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Finley, NSW

Small and quiet rural service centre in the Riverina

Finley is a quiet Riverina town which acts as an important service centre for the Berriquin Irrigation Area that surrounds it. The district supplies wool, wheat, fat lambs, rice, dairy products, vegetables, cereals, canola, cattle and pigs to the Sydney and Melbourne markets. The visitor will find the Finley Railway Museum genuinely interesting and the local parks, particularly those beside the lakes and lagoons, are ideal for travellers wanting to stop for a picnic.


Finley, which is 107 metres above sea level, is located 659 south-west of Sydney via the Hume, Sturt and Newell Highways and 295 km north of Melbourne via Shepparton and Tocumwal.


Origin of Name

It is claimed that the local Wiradjuri First Nations people called the area "Carawatha" meaning "place of pines" but when a settlement was established it was named Finley after Surveyor F.G. Finley who surveyed 1.2 million hectares of the area in the 1870s.


Things to See and Do

Finley Lake and Mulwala Canal
The main street of Finley crosses the hugely important Mulwala Canal which, at 155 km, is the longest irrigation channel in Australia. The town was created when the surrounding area was properly irrigated and so it is not surprising that at the northern end of town there is a Wheels of Prosperity display, with a waterwheel as a symbol of water's importance to the town and district. The landscaped foreshores of artificially constructed Finley Lake are a monument to its conversion from a swamp. Finley Lake is ideal for picnics or barbecue. There is also a wharf, a boat ramp, a pool, a gardens area and children's play facilities.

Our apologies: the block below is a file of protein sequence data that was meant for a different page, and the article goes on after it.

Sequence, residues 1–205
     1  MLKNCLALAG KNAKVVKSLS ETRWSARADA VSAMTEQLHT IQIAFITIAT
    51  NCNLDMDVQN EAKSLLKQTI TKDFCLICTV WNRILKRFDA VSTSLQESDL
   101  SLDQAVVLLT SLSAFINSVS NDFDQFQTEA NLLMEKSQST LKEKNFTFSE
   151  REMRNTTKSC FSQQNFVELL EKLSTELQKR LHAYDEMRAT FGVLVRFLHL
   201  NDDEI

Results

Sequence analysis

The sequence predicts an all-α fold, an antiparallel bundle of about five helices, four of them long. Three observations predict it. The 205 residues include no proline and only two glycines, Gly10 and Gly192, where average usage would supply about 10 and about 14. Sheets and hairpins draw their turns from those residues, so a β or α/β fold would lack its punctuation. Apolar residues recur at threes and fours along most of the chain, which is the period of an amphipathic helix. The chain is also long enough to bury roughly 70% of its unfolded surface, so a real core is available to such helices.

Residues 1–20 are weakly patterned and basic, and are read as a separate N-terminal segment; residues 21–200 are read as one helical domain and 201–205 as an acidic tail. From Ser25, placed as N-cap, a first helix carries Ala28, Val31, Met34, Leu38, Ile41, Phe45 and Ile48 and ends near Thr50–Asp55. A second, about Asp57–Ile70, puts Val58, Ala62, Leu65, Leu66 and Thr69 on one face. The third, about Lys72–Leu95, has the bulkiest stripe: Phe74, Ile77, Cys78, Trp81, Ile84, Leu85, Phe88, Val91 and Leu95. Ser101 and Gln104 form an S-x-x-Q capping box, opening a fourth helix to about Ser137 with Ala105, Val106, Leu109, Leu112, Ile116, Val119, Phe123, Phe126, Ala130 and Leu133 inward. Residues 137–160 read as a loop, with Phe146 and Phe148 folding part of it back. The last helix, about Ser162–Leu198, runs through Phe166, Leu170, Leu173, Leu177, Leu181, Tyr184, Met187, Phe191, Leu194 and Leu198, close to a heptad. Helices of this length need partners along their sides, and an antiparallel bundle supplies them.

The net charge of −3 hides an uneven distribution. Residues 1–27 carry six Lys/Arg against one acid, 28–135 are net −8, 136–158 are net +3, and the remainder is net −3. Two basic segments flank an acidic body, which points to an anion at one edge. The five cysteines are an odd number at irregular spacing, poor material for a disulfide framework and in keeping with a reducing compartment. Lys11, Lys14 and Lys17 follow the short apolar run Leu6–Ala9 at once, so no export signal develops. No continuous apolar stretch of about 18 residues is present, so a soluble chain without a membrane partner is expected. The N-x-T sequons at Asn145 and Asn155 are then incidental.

Mary Lawson Wayside Rest and Historical Museum
Mary Lawson Wayside Rest, at the south end of town, also has playground equipment, toilets and picnic facilities. Nearby is a log cabin replica of a pioneer home run by the historical society with a display of local historical material, including antiquated pumping equipment and machinery. Nearby is the Finley Historical Museum which documents the history of the local area with photos and vintage machinery. If the museum has to be opened tel: Chris on 0427 848 959, Ken - 0448 342 291 or Colin - 0447 199 728.

Finley Railway Museum
If you are interested in railway history this museum, created by volunteers, has an extensive display of memorabilia. It is located on Endeavour Street and for opening times check (03) 5883 1188. "Finley Railway Precinct is of state significance as a rare and highly intact pioneer railway station precinct that has the ability to demonstrate the history and design of the first pioneer branch lines in NSW and the change from British to American railway construction techniques during the 1890s. The site is historically significant for its ability to demonstrate the NSW Government’s ambitious programme to open up the agricultural regions of the state to commerce and communication in the late 19th century and the intense competition between states for trade." There is a very detailed explanation of the history of the railway station (of which that quote is a small section) at http://www.environment.nsw.gov.au/heritageapp/ViewHeritageItemDetails.aspx?ID=4801283.



* Prior to the arrival of Europeans the Wiradjuri First Nations peoples lived in the area and called it "Carawatha" which reputedly meant "place of pines".